Some Allied commanders disagree, notably Patton, Simpson, and British Field Marshal Bernard Montgomery. But neither the Combined Chiefs of Staff nor Roosevelt will second-guess Eisenhower. Churchill, however, favors grabbing as much of Germany as possible, including Berlin—to use as a bargaining chip to ensure that Stalin complies with the agreements he has made.

Churchill does not trust Stalin. Roosevelt seemingly does, but on April 12 he dies of a massive stroke. Vice president Harry S. Truman, a man in whom FDR rarely confided, takes the oath as president. Understandably, he relies on the counsel of his military advisers. Although Churchill leans heavily upon his British chiefs of staff, they cannot persuade their American counterparts that Berlin should be captured.

Then Eisenhower reverses himself and orders a drive on Berlin. He does so because rumors of the National Redoubt have been debunked by Allied intelligence reports, rendering a thrust into Bavaria pointless. American forces therefore need a new objective. Also, Truman’s accession to the presidency converts Eisenhower to Churchill’s idea that holding German territory east of the Elbe would buttress their negotiating power with the Soviets.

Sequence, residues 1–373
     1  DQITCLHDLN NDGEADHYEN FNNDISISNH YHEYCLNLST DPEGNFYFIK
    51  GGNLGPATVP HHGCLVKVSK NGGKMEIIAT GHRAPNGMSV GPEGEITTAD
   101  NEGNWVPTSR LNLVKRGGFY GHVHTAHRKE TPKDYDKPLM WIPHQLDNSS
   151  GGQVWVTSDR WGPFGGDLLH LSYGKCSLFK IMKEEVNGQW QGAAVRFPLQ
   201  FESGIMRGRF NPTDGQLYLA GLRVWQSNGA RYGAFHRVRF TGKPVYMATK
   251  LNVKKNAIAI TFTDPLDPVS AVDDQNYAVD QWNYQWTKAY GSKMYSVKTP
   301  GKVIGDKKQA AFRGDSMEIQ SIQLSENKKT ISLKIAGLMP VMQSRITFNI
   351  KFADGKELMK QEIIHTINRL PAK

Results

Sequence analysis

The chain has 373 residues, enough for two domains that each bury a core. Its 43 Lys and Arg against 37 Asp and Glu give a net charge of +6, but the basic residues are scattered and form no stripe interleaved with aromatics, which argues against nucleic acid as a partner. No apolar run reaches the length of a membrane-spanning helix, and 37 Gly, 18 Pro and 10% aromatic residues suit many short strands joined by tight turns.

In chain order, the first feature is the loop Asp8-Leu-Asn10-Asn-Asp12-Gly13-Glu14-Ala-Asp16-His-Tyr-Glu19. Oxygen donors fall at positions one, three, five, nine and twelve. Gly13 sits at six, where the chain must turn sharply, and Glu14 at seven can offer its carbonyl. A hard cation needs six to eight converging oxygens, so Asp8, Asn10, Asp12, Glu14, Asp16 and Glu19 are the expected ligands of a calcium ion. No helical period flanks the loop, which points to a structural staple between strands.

The change of plan has risks. It may antagonize the Soviets politically, and it carries the chance that the Allied and Soviet forces will mistakenly clash, con verting political distrust into military dis aster. But Ike assures Stalin that he wants to assist in what will be a bloody struggle for the heart of Nazi Germany. This assurance finds a receptive audience among Stalin’s top commanders, who are willing but not eager to fight their way into Berlin, and surprisingly from Stalin himself, whose reasoning parallels Bradley’s: If the Americans want to pay much of the price for a prestige objective they must then relinquish, he will not object.